v. breed; emerge from the egg
It is not easy to watch that young birds, fish, and reptiles hatch.
Sentence in Classic:
But so much soot fell in that the girl had to immediately close the hatch again and clean the soot off K.
Immediately the hammer touched the cheek; the next instant the lower jaw of the mate was stove in his head; he fell on the hatch spouting blood like a whale.
Moby Dick By Herman Melville Context
As soon as he began to be in deep water he flung himself across the hatch; thus supported he was able to keep afloat as long as he chose, holding the lantern aloft with his disengaged hand.
Return of the Native By Thomas Hardy Context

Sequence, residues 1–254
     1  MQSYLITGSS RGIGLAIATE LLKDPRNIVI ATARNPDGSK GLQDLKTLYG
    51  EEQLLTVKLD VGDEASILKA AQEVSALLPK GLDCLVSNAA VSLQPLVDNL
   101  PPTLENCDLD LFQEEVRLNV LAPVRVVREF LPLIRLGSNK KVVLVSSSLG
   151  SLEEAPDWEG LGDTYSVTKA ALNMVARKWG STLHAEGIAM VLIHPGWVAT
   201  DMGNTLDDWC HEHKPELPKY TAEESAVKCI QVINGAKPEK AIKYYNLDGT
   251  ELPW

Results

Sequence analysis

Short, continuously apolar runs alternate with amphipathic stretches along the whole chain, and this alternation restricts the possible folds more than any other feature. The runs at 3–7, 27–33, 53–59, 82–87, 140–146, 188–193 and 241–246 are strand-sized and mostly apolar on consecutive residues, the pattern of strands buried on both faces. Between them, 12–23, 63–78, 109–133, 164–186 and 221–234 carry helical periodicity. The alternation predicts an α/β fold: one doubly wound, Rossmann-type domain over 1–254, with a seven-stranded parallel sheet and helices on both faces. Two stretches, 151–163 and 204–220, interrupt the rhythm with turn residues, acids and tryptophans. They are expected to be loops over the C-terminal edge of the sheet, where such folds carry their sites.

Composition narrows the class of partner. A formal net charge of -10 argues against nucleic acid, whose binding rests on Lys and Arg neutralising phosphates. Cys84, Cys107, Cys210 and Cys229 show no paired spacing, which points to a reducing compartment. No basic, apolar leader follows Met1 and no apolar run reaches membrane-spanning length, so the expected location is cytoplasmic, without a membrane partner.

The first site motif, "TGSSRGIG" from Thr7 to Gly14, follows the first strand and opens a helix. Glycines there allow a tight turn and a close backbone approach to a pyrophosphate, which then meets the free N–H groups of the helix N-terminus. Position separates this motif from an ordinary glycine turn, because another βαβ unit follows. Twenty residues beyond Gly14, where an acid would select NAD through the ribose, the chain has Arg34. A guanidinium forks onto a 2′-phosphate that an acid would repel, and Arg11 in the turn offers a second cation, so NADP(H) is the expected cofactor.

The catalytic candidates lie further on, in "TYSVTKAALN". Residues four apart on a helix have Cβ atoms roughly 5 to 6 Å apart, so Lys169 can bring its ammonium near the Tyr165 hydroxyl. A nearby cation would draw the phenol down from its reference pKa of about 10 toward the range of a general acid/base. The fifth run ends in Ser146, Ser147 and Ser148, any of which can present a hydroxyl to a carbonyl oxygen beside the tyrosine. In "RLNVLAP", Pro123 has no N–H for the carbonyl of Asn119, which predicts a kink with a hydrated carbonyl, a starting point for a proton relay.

Hatch was already aware of heights of elegance as well as depths of luxury beyond the world of the Emporium.
House of Mirth By Edith Wharton Context
A stump of hay and part of the potato crop were sold off, and the contract for eggs was increased to six hundred a week, so that that year the hens barely hatched enough chicks to keep their numbers at the same level.
Animal Farm By George Orwell Context
It appeared to me that the eggs from which young Insurers were hatched were incubated in dust and heat, like the eggs of ostriches, judging from the places to which those incipient giants repaired on a Monday morning.
Great Expectations By Charles Dickens Context
He no longer believed what Zeena had told him of the supposed seriousness of her state: he saw in her expedition to Bettsbridge only a plot hatched between herself and her Pierce relations to foist on him the cost of a servant; and for the moment wrath predominated.
Ethan Frome By Edith Wharton Context
The older, quieter cities were wont to look upon the bustling new town with the sensations of a hen which has hatched a duckling.
Gone With The Wind By Margaret Mitche Context